Skip to content

So Maybe Don’t ALWAYS Pre-Bolus.

I like to pre-bolus.  It helps keep my post-meal blood sugar spikes from rocketing out of range and taking a sizable bite out of my overall diabetes control.  (… I’m sorry.  I laugh every time I type the word “control.”  It’s not a word I toss around lightly when it comes to diabetes.  I’m not Janet Jackson.)

The art of pre-bolusing has been instrumental in keeping diabetes shit in line.

But it only works when it works.

Last night, we ordered pizza to go along with our birthday cake for Birdzone (we rounded out the meal by eating a stick of butter each and guzzling soda – healthy! – only the butter part is a lie) and the promise was “delivery in 30 minutes.”  Since pizza can be insulin’s kryptonite, I thought it wise to pre-bolus so that the initial carb influx of the pizza would be headed off by the first bolus, and then I’d chase my meal with more insulin to grab the fat-induced-blood-sugar-bump that hits about two hours later.  (I don’t have a #DIYPS, so when my food choices edge towards pizza party, I have to improvise a touch.)

Basic gist?  I took my insulin way too freaking early because the pizza arrived an hour later.

My Dexcom was freaking out by the time the pizza delivery man left – “Kerri, your Dexcom is vibrating like crazy over here, and says you’re low.”  “Like how low?”  “Like spelled out as LOW low.” – so the first piece of pizza was inhaled in a matter of seconds.  The second piece went just as quickly, and then I chased my dinner with a handful of glucose tabs.  (Wildberry – the perfect palette cleanser.)  Pre-bolusing doesn’t always work – its success leans on timing.  My pre-bolus was working right on schedule … if the pizza had arrived on time.  But due to tardy carb arrival, my blood sugar was in the trenches and covered in pepperoni.

“Mawm, is this good pizza?”

“The best!”  I answered her, through a mouthful of glucose tabs.

What’s On Your Bedside Table?

What do you mean, all the glucose tab jars were in the car and you were out of juice so you stashed one giant marshmallow on your bedside table in case of low blood sugars?

Potentially a bit gross, but practical.  Serves as a throw pillow when not in use.

Binge-Watching Causes Low Blood Sugars.

Dead Poet’s Society.  It might be a film from 1989, but it remains one of my favorites largely in part to Josh Charles as Knox Overstreet.

(He doesn’t care that Chris is with Chet.  Carpe diem!  And there’s a point to this – stick with me.)

Chris and I don’t watch a lot of television, but we have been swept up in the whole binge-watching phenomenon afforded by outlets like iTunes, Netflix, and Amazon Prime.  Even though we were late in getting into Breaking Bad, we caught up last year in a hurry just in time to immerse ourselves into the broadcast of the second half of season five (technology, bitch!)  We didn’t watch The Wire when it was originally broadcasted, but we did rip through five seasons of that show in a hurry.  And we finished True Detective last night (even though I will admit that I didn’t catch everything everyone was saying because the mumbling was oh my).  Binge!!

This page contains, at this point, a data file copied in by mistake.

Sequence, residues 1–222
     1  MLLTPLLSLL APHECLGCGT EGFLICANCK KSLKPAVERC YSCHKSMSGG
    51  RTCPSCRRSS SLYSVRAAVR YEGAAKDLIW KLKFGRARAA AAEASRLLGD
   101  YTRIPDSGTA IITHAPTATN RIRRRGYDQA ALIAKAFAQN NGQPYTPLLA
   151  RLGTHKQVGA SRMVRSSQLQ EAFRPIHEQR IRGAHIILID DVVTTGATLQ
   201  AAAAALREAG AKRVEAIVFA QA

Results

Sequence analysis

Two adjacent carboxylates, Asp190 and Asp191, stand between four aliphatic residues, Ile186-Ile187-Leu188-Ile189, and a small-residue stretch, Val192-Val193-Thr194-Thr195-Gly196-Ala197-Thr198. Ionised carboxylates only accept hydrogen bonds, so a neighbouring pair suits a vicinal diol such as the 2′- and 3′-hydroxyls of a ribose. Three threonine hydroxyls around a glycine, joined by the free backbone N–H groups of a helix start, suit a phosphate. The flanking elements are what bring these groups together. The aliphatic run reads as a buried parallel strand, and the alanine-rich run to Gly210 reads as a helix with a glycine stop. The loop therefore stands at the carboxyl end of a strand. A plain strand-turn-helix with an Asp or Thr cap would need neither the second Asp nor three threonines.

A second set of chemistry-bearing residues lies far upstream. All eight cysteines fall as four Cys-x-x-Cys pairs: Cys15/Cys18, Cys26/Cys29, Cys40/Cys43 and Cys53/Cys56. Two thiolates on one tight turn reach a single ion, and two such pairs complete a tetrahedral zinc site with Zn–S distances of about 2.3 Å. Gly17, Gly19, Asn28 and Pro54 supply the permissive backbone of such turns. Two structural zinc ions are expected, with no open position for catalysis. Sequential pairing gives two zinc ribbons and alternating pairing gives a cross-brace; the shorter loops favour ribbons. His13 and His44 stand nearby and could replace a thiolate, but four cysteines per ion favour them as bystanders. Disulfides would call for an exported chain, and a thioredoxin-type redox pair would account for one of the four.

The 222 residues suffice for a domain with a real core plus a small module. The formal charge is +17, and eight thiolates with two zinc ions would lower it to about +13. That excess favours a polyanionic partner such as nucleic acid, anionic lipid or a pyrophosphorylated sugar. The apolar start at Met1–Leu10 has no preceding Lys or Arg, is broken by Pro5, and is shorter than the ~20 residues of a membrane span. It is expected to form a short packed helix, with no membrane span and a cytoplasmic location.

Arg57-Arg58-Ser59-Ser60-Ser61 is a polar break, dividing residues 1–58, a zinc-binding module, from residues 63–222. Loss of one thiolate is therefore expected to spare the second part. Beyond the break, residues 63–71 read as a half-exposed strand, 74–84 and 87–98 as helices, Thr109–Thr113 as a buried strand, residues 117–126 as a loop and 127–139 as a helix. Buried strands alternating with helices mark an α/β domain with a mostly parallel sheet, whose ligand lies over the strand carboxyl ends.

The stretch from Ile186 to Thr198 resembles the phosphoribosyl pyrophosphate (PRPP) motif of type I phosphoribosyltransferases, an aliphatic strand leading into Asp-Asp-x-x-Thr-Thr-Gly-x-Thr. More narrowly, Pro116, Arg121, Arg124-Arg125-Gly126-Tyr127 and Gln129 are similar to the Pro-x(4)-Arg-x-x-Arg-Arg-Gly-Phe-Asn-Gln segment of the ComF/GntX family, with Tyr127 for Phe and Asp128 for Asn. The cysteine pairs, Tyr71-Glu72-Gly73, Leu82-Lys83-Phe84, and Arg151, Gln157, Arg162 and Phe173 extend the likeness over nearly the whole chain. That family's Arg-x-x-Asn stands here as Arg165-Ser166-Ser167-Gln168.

But we don’t watch every show together. The Good Wife, which I’ve just recently started watching while doing longer, steady cardio workouts at the gym, is my go-to show to watch solo.  Which brings us back to Knox Overstreet, because he’s a lead character in The Good Wife.  And for at least 40 minutes every day, for the last two weeks or so, good ol’ Knox has been helping me earn my steps for the day.

Last week, though, I made the mistake of trying to binge-watch at the gym and mistakenly lost track of time and blood sugars.  Instead of taking a peek at my Dexcom every ten minutes or so, I totally spaced.  Which meant that I did an hour of walking/running “blinded.”  I should have checked my blood sugar.  Instead, I walked to the car in a staggered pattern, not unlike Billy from Family Circus, unlocking the car door and haphazardly throwing all my junk onto the passenger seat while simultaneously fumbling for my glucose meter.

“Yes, I’m sure you’re right,” in response to the triple BEEP BEEP BEEP! of my Dexcom receiver, throwing rage from inside my gym bag.  My glucose meter confirmed the tri-beep with a blood sugar of 33 mg/dL.

It’s funny (not really) how the symptoms are dammed up until I see the number, and then once I am aware of my actual blood sugar, the dam gives and hot damn, panic hits.  My car, for a brief moment, looked like I let a glucose tab dust genie loose from its lamp as I worked through five glucose tabs.  I sat and waited until the feeling came back to my lips and my hands stopped shaking, then checked my blood sugar again to make sure I was okay enough to drive home.

The lesson learned?  If I’m going to spend more than my fair share of time watching Knox Overstreet woo Nurse Carol Hathaway, I need to watch my Dexcom graph closely.  Binge-watching is apparently the leading cause of Sparling low blood sugars.

 

Recapping #dayofdiabetes.

My documented day of diabetes wasn’t an all-star showing.  I didn’t hit one out of the park, but it wasn’t a complete shut-out, either.  I’m no bush-league player, so I knew how to handle the things that kept coming out of left field, even when a diabetes triple-play was in effect (morning highs! then a few lows! then a pump site change at midnight!)  But there’s no cure on deck, so I keep swinging for the fences and taking it one base at a time.

The day started with a higher blood sugar than usual, which I found frustrating because overnight numbers are usually my stable-zone (of course there are outliers, but my A1C stays stable largely in part to having overnights reasonably nailed).  Kicking off the day with a little grumpiness isn’t my style, but that’s how it started yesterday:

Sometimes my blood sugars don’t respond quickly to insulin, and I have to kick start things with a little exercise.  Self-employment affords me a flexible schedule, which I’m very grateful for, letting me jump on the ellipmachine for a few minutes to help move the correction bolus into action.

But after the initial morning high, blood sugars were oddly low yesterday.  I spent more time than usual chomping on glucose tabs.

Low blood sugars didn’t just jack up my day.  They cramped my parenting style, too, as I waited for the glucose to hit my system and reboot my brain.

Work still needed to be done, though, so I found myself prepping for conference calls in an unusual way yesterday:

Family dinner was punctuated by the soundtrack of diabetes.